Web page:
American Society of Clinical Oncology (ASCO) 2022 Annual Meeting
New Clinical Data Support Role of Gut Microbiome in Mediating Response to Immunotherapy
Chicago – A growing body of evidence suggests that the health of the gut microbiome is critical for priming the response to immune checkpoint inhibitor (ICI) therapy according to a series of recent studies, including a small but compelling clinical trial presented at this year’s ASCO Annual Meeting. The focus of this phase 1 trial was to evaluate safety when pre-treating stage 4 melanoma patients with fecal microbiota transplantation (FMT) prior to an anti-programmed cell death 1 (PD-1) ICI therapy. FMT is known to improve microbiota diversity, which is one of the key characteristics of a healthy gut microbiome. Evaluating signs of efficacy represented a secondary endpoint.
An interaction between the gut microbiome and the efficacy of PD-1-based immunotherapy is now being widely studied based on work pioneered by investigators at the Gustave Roussy Cancer Campus, Villejuif, France. Involved in these initial studies, Dr. Bertrand Routy, Scientific Director, Immunotherapy and Microbiome laboratory, University of Montreal Research Center, was also co-author of the trial presented here (Miller WH, Routy B, Jamal R, et al. Fecal microbiota transplantation followed by anti-PD-1 treatment in patients with advanced melanoma. Poster 9533).
“The gut microbiome is already established as a biomarker of response to immunotherapy in patients with melanoma,” explained another co-author, Dr. Arielle Elkrief, who worked with Dr. Routy at the University of Montreal Research Center and is now a Research Fellow at the Memorial Sloan Kettering Cancer Center, New York City, NY. She said FMT is one of the strategies being pursued to see whether the gut microbiome can be altered to improve the response to ICI treatment.
The investigation involved 20 patients with advanced melanoma who were recruited from 3 Canadian centers. All but 2 patients had stage 4 disease. In 25% of the cases, a BRAF mutation was present. The average age was 75.5 years. As part of this trial, the immunogenicity of feces from the patients before and after administration of FMT was evaluated in a murine tumor model.
This trial had no control arm, but the activity was higher than that seen historically and supported its hypothesis, reported Dr. Wilson H. Miller, Professor, Division of Experimental Medicine, McGill University, Montreal, Quebec.
Primary Safety Objective Met
The FMT, which was taken in oral pills and chosen specifically for its microbiota diversity, was well tolerated. Although more than half of patients reported gastrointestinal adverse events (AEs), such as diarrhea or abdominal discomfort, all were of grade 1 severity. Two patients discontinued ICI therapy due to an AE, but no AE was considered serious (Figure 1).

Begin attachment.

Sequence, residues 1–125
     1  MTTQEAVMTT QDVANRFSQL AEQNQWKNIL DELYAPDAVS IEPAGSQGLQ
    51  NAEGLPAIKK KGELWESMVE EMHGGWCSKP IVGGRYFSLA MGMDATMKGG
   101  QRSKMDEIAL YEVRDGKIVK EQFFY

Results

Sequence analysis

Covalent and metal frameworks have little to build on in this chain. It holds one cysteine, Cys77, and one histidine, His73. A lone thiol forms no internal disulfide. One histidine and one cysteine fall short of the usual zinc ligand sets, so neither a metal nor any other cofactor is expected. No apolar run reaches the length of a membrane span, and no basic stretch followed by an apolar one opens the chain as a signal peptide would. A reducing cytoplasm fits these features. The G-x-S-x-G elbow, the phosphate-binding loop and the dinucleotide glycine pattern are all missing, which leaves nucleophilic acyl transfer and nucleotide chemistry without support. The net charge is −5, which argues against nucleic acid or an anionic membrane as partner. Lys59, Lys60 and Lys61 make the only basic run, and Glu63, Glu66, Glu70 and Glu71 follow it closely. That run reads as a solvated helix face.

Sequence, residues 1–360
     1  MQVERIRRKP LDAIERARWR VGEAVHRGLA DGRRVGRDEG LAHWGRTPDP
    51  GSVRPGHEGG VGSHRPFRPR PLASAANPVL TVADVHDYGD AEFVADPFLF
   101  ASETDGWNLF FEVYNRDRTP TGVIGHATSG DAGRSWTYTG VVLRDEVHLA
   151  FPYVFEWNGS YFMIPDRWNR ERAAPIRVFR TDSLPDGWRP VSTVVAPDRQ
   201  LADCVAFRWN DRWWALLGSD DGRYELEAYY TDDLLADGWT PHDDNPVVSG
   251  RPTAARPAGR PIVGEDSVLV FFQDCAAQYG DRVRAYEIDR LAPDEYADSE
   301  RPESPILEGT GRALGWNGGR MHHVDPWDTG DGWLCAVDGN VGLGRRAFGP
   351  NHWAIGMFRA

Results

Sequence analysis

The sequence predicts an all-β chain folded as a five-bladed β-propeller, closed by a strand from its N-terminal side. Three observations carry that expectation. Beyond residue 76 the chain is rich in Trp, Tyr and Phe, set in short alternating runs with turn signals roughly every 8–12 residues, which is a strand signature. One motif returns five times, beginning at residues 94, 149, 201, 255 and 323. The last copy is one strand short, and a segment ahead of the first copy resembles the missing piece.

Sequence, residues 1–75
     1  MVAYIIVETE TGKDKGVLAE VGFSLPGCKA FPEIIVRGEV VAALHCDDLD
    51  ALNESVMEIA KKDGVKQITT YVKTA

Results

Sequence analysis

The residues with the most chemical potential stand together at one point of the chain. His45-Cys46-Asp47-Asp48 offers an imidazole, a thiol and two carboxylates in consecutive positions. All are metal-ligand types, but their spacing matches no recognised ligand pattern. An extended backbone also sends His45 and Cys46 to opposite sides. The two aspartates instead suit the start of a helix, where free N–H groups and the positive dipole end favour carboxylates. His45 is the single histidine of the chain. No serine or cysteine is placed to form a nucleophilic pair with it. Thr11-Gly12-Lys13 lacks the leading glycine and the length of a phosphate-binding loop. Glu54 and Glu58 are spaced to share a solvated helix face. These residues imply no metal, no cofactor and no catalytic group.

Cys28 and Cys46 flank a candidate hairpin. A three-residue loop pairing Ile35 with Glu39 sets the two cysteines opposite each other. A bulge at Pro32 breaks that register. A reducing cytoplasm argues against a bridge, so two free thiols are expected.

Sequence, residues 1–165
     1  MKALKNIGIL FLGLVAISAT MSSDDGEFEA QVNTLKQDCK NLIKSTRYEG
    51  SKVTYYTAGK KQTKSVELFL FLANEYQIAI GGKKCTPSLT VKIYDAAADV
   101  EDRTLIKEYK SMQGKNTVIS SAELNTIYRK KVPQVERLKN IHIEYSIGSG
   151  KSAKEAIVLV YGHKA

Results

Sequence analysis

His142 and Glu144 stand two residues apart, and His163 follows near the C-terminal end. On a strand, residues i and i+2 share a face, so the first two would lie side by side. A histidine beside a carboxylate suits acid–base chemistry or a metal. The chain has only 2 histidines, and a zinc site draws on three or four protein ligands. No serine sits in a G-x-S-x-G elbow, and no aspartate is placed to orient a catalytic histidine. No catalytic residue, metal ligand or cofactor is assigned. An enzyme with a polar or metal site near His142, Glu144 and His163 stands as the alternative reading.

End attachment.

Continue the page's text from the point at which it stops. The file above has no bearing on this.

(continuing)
The administration of FMT one week prior to anti-PD-1 treatment produced an objective response rate (ORR) in 13 (65%) of 20 patients. Three achieved a complete response (CR), reported Dr. Miller.
In addition to the relatively high ORR rates in a population with advanced disease, 75% had a clinical benefit characterized as stable disease or better lasting more than 6 months. Median progression-free survival in this patient population was not reached after a median of 11.2 months of follow-up.
Notably, there was an upregulation of interleukin-17 (IL-17) that correlated with increased amounts of Th17 cells in the peripheral blood following administration of FMT. This is considered a signal of increased immune system activity, which is considered critical to the benefit of ICI therapy.
The murine model supported the clinical observations. When the mouse tumors were exposed to feces from patients obtained prior to FMT, sensitivity to ICI remained low. Following FMT, sensitization was observed but only from feces obtained from patients who had a response to the ICI therapy.
The primary result of the trial is that FMT followed by anti-PD-1 treatment is safe. However, the activity of the ICI following FMT is consistent with a growing body of evidence that the health of the gut microbiome influences the ability of the immune system to respond to immunotherapies.
This trial was small, but the data provide “a proof of principle” that the health of the gut microbiome is important to the activity of immunotherapy, according to Dr. Miller. He said this work is “paving the way for future microbiome-based interventions” that might be important to ensuring responses to ICI or other immunotherapies.